A fittingly momentous rugby match provided the backdrop for Alastair Hignell's valedictory radio commentary for the BBC last May: the Premiership final at Twickenham between Wasps and Leicester.
And the Rugby Football Union did the right thing by a popular broadcaster who in the 1970s won 14 England caps at full-back – and played cricket for Gloucestershire, scoring one of his 11 first-class centuries against the touring West Indians – but had been forced into retirement, aged only 52, by secondary progressive multiple sclerosis. The RFU laid on a post-match reception so that "Higgy" could say a professional farewell to his many friends.
The only problem was that the room was located between the stadium's first and second floors, inaccessible by lift. Yet Hignell can barely manage stairs these days. So everyone who wanted to say goodbye to him could get there without difficulty, but he couldn't. "I don't want to knock the RFU," he says, "and the last thing I want to be is Mr Angry Disabled, but it showed the basic problem in the provision of facilities for the disabled, and that's lack of imagination. The goodwill is there, but the joined-up thinking sometimes isn't."
His erstwhile employers were guilty of just such a lapse at the BBC Sports Personality of the Year awards eight years ago, forgetting to install a ramp so that Tanni Grey-Thompson, who finished third, could get on to the stage in her wheelchair. There was no such oversight at the Sports Personality awards last month as Hignell, leaning heavily on a stick, made his way up a blessedly shallow incline to receive the Helen Rollason prize for courage in the face of adversity, and made a speech so dignified and eloquent that, for this observer at least, it upstaged the thunderous ovation given to Sir Bobby Charlton as the highlight of the show.
I arrive at Hignell's home in Stroud on the day that he and his wife Jeannie finally take delivery of the BBC trophy, which is still in its cardboard box waiting to be unpacked. In some ways it is the unlikeliest of all the baubles won by one of the most talented all-round sportsmen of his generation, yet its arrival could hardly be better timed, for it is 10 years to the week since Hignell was diagnosed with MS. He remembers the day with devastating clarity. "January 8, 1999. I drove home in a bit of a daze. I was pretty scared, but the old competitive thing kicks in: I'll fight this. Jeannie was away, on a business trip in America, due back on Monday. I didn't phone her, I wanted to tell her in person. I had a bunch of flowers for her. I said, 'I've got something to tell you, I've got multiple sclerosis'. She was fantastic. She said immediately, 'It's not yours, it's ours'."
Hignell is the least self-pitying of men, yet his eyes brim with tears as he tells me this. So do mine. One would need a heart of stone not to be moved by the spirit with which he and Jeannie deal with their predicament. "It's very low-maintenance," he says when I remark on the Japanese-style garden outside their ultra-modern home. "For you it is, it's actually quite hard work for me," she tells him, eyes twinkling. They have a private little chuckle together.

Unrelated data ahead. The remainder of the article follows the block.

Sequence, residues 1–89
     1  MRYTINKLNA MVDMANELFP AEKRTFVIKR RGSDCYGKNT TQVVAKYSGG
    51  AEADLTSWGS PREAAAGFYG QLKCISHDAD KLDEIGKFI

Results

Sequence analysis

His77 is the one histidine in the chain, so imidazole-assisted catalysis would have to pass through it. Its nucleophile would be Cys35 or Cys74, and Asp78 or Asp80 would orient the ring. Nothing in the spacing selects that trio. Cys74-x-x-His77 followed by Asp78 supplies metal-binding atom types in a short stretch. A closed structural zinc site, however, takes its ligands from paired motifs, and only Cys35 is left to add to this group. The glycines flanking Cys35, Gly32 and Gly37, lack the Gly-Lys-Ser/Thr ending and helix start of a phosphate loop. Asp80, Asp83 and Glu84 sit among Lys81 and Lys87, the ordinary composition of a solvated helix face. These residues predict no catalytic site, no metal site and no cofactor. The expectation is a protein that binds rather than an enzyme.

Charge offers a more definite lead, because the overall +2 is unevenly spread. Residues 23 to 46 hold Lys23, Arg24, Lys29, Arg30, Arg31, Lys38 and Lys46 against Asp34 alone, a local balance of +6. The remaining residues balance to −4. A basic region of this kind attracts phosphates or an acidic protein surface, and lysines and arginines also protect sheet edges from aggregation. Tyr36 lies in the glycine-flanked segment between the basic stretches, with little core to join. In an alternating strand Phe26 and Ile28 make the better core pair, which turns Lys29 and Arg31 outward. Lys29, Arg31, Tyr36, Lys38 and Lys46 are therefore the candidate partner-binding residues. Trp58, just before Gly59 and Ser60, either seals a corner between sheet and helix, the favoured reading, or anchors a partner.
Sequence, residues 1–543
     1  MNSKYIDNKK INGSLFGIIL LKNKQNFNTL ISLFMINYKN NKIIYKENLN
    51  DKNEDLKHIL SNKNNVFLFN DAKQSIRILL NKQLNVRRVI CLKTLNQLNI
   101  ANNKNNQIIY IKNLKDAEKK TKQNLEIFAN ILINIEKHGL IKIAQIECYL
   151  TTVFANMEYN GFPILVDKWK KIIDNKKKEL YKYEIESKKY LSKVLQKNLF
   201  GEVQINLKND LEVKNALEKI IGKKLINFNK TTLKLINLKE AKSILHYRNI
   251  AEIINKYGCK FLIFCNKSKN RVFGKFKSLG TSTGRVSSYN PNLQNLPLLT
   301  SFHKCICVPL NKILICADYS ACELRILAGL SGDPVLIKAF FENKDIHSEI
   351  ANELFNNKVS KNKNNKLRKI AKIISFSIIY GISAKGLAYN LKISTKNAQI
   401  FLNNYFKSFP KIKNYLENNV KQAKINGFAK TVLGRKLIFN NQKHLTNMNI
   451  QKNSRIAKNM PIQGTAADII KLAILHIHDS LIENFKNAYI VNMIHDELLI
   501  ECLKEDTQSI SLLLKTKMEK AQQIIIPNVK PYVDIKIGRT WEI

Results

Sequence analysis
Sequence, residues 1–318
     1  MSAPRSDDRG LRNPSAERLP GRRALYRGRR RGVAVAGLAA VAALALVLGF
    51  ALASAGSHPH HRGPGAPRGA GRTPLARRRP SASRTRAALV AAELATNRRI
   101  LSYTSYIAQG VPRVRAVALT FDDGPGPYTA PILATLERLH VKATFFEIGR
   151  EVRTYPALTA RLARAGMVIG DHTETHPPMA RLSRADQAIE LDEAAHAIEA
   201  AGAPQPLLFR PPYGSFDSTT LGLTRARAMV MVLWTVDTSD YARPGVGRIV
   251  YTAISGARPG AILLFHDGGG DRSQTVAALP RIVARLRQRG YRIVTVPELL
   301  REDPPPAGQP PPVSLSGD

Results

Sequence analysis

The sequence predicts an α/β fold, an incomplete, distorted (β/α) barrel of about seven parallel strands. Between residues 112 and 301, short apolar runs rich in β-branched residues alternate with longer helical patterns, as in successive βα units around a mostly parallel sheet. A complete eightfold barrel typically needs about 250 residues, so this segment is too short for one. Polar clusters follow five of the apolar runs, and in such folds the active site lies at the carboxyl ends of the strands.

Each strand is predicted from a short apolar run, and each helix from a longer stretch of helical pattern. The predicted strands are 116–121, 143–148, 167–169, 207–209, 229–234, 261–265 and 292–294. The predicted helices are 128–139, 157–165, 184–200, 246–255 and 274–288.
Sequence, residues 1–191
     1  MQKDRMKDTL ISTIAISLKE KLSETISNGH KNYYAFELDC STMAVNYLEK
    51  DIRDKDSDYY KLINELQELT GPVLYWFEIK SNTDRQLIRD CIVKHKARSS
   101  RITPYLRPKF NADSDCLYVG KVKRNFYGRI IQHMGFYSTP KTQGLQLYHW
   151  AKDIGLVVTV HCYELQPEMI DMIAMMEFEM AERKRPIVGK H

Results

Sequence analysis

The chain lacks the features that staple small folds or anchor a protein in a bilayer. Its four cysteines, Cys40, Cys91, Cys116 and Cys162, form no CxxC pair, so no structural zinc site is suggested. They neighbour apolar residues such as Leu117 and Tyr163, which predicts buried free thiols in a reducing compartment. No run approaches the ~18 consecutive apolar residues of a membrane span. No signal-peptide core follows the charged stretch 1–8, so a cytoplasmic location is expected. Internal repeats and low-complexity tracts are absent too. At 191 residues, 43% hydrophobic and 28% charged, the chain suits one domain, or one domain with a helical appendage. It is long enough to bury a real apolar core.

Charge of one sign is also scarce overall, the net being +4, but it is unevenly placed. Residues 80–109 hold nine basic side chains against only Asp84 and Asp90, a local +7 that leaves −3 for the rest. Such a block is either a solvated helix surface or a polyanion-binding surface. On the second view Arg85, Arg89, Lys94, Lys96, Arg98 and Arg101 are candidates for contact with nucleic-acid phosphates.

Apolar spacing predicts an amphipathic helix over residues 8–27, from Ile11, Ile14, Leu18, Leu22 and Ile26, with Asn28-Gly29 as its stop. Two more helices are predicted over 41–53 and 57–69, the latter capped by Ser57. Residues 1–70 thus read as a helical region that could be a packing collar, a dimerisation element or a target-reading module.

Even now, though, if anything can be said to define Hignell's life, it is not MS but sport. So let us go back not 10 years but 50. Cricket was his first sporting love, from the age of three. "And I can remember throwing a coin into a wishing well at age 14, wishing that I might become a professional cricketer."
His father, who had represented Great Britain in the javelin at the Empire Games, was an RAF officer, who sent his three sons to his alma mater, Denstone College in Staffordshire. There, Hignell flourished as a cricketer, and wound up playing for England Schools in a team crammed with future county players. "We had a hell of a batting line-up. Nigel Briers, who became captain of Leicestershire, then Gehan Mendis, Sussex and Lancashire, Chris Tavare three, Vic Marks four, Alastair Hignell five, Paul Parker six..."
In the summer of 1973 he scored a truckload of runs for the schools side and various other representative teams. Gloucestershire duly signed him for the following season, but in the meantime he yearned to play rugby, at which he had also represented England Schools. So he offered his services to Bristol, who were short of a second-team scrum-half that weekend against Gloucester. Nobody told him that matches between Bristol and Gloucester were like Sam Peckinpah movies, but it didn't take him long to find out.
"Someone was punched and carted off with a fractured cheekbone in the second minute," he recalls, cheerfully. "I was so scared, this little boy scrum-half being taken apart by men. But before three weeks were up I was playing for the first team, and that season we won the equivalent of the Premiership now, then called 'the Sunday Telegraph pennant' or something. So we were champions of England, but cricket was still my priority. I got a few games with Gloucestershire towards the end of the '74 season. Then I went up to Cambridge."
A fresher who had played cricket with Mike Proctor and Zaheer Abbas, and had won honours with Bristol RUFC, was hot property. Ian Robertson, the first-team coach and coincidentally Hignell's future BBC colleague and close friend, decided to try the newcomer at full-back, where he thrived despite a torrid experience in his first game against proper grown-up opposition. "Against Cardiff I lined up Gerald Davies for a tackle, he sidestepped, and the next thing I knew he was under the posts and I was in the stand."
Gentle, sotto voce self-deprecation like this informs most of Hignell's reminiscences, and it is with almost an apologetic air that he recalls being written up, in the days when a large press corps reported Oxbridge matches against top club sides, as a potential England full-back. Sure enough, he got the call for the tour to Australia in the summer of 1975.
"England in those days were a bit patronising towards the Australians," he tells me. "They regarded them almost as an emerging nation, and a tour there as an opportunity to pick an experimental side. So all four half-backs had one cap between them. On the other hand we had Tony Neary, John Pullin, Fran Cotton, Mike Burton, to add some weight."